The IACHR has also made logistical and procedural changes in its handling of petitions. Most recently, the IACHR adopted Resolution 1/19 limiting the opportunities for petitioners to request review of a decision by the IACHR to reject a petition at the initial review stage. [IACHR Press Release: Initial Review] It also continues to implement Resolution 1/16, allowing the IACHR to consider the admissibility and merits of certain petitions together (rather than in separate stages and reports). Other efforts include increased facilitation of friendly settlements, using template reports for similar cases, and archiving petitions after three years of inactivity (rather than five). [IACHR Press Release: Stages]
UPR Reports Reviewed
Credit: UN Photo/Jean-Marc Ferr
In November, universal and regional human rights bodies and experts will assess States’ compliance with their human rights obligations through the consideration of State and civil society reports and country visits. Five United Nations treaty bodies and one pre-sessional working group will hold sessions to assess States’ progress regarding women’s rights, civil and political rights, the prevention of torture, and the elimination of racial discrimination. The Universal Periodic Review (UPR) Working Group will also be in session and will conduct interactive dialogues with representatives from 14 States. Ten UN special procedures will conduct country visits in November. Additionally, two UN Working Groups will hold sessions in Geneva, Switzerland. Of the regional bodies, the Inter-American Court of Human Rights (IACtHR), the Inter-American Commission on Human Rights (IACHR), the African Commission on Human and Peoples’ Rights (ACHPR), and the African Court on Human and Peoples’ Rights (AfCHPR) will be in session.
The UN treaty body sessions may be watched via UN Web TV. The public hearings of the IACtHR and the IACHR may be viewed via the IACtHR’s Vimeo page and the IACHR’s YouTube page, respectively.
To view human rights bodies’ past and future activities, visit the IJRC Hearings & Sessions Calendar.
Press briefing by Baskut Tuncak, UN Special Rapporteur on human rights and hazardous substances
Credit: UN Web TV
In a new report, the United Nations Special Rapporteur on human rights and hazardous substances has laid out 15 principles to guide States and businesses in preventing and remedying workers’ exposure to toxics. [OHCHR Press Release] In September 2019, the Special Rapporteur, Baskut Tuncak, presented the principles to the UN Human Rights Council, which adopted a resolution calling on States and non-State actors to implement them. See UN Human Rights Council, Resolution 42/21, Protection of the rights of workers exposed to hazardous substances and wastes, UN Doc. A/HRC/RES/42/21, 8 October 2019. The principles center workers’ human rights, and emphasize that both States and employers must act to prevent workers’ exposure to toxic substances, that these obligations extend beyond national borders, and that workers’ access to information and to effective remedies are critically important. See Report of the Special Rapporteur on the implications for human rights of the environmentally sound management and disposal of hazardous substances and wastes, UN Doc. A/HRC/42/41, 17 July 2019. The report, which is the culmination of 25 years of work under the Special Rapporteur’s mandate, is grounded in and builds on the UN Guiding Principles on Business and Human Rights, International Labour Organization conventions, and multilateral agreements on toxic wastes. See id. at paras. 8, 12.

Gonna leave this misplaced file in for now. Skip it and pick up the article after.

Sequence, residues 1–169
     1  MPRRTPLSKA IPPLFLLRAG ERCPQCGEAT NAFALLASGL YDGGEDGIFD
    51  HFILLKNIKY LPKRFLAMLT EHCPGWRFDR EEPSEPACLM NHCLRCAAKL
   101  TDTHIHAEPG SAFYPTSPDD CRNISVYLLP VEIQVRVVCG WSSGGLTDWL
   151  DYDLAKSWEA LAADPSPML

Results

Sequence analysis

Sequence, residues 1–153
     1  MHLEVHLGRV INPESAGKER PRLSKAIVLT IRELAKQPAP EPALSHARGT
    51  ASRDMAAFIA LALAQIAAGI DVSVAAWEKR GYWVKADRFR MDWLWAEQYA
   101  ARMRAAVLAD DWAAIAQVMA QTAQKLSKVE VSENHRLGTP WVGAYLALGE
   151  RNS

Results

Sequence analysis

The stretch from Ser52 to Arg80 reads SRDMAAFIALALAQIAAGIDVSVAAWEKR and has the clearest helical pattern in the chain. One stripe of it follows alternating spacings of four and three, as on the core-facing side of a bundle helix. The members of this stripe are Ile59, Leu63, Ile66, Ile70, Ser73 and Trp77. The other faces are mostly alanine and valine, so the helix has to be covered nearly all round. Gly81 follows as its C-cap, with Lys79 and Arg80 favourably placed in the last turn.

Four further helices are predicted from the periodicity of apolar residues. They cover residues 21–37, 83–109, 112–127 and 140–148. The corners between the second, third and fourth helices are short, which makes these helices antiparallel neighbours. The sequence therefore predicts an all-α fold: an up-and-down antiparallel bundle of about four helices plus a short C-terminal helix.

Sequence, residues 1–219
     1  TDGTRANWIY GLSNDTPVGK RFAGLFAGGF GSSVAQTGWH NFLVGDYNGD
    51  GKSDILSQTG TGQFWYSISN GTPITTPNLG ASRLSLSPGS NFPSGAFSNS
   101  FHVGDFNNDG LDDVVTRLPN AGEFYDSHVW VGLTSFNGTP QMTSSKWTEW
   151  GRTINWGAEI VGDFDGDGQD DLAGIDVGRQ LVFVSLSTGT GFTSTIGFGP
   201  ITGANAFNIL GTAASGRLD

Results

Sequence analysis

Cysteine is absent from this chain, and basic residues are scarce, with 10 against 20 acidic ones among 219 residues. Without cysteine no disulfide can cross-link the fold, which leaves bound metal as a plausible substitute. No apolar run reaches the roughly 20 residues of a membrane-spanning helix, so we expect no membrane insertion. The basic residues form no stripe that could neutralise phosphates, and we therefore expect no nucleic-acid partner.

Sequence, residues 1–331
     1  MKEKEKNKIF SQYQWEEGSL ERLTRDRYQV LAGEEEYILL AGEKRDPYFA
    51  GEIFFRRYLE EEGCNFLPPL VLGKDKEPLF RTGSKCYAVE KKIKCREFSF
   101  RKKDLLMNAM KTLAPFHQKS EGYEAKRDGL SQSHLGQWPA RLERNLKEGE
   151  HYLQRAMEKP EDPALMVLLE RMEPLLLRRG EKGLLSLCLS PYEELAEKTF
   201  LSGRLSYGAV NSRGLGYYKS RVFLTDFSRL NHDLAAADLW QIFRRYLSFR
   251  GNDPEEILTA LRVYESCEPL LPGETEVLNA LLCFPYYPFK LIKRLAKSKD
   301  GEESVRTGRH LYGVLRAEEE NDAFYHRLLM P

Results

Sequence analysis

Delivery of Grand Chamber judgment in López Ribalda and Others v. Spain
Overturning a previous chamber decision, the Grand Chamber of the European Court of Human Rights (ECtHR) held that employees’ right to privacy was not violated when a Spanish supermarket used visible and secret cameras to record public areas of the store when it suspected significant theft by employees. See ECtHR, López Ribalda and Others v. Spain [GC], nos. 1874/13 and 8567/13, Judgment of 17 October 2019. Despite domestic law and international standards requiring that individuals be notified of video surveillance, the Grand Chamber held that the State had not exceeded its “margin of appreciation” under the European Convention on Human Rights (European Convention) when domestic courts rejected the applicants’ constitutional claims and upheld their dismissal, given that there was a “weighty justification” for the use of covert surveillance and the applicants had not used domestic legal safeguards to challenge the surveillance under data privacy laws. See id. at paras. 131, 134-37. This judgment expands the European Court’s doctrine on the legitimate use of surveillance in the workplace. See ECtHR, Factsheet – Surveillance at Workplace (Oct. 2019).
Security Council Considers Peacebuilding and Sustaining Peace
Credit: UN Photo/Evan Schneider
As oversight bodies call for restraint amid ongoing protests in Haiti, the United Nations is ending its 15-year peacekeeping mission in the country. [IACHR Press Release; UN News: Protests] On October 16, 2019, a special political mission, the United Nations Integrated Office in Haiti (BINUH), replaced the United Nations Mission for Justice Support in Haiti (MINUJUSTH), shifting the UN’s focus from law enforcement to governance. [UN News: Security Council] The UN Secretary General appointed Helen Meagher La Lime, a citizen of the United States, as the Special Representative for Haiti to head the BINUH, which is charged with promoting and strengthening political stability and peaceful relations, good governance, and human rights. [UN Press Release] The MINUJUSTH and its predecessor, the UN Stabilization Mission in Haiti (MINUSTAH), leave behind a mixed legacy, marred with controversies ranging from sexual abuse to a cholera epidemic. The new special political mission will begin its work in the midst of an economic crisis, fuel and food shortages, and ongoing violent protests against President Jovenel Moïse that have resulted in at least 30 deaths since September 2019. [Washington Post; UN News: Security Council]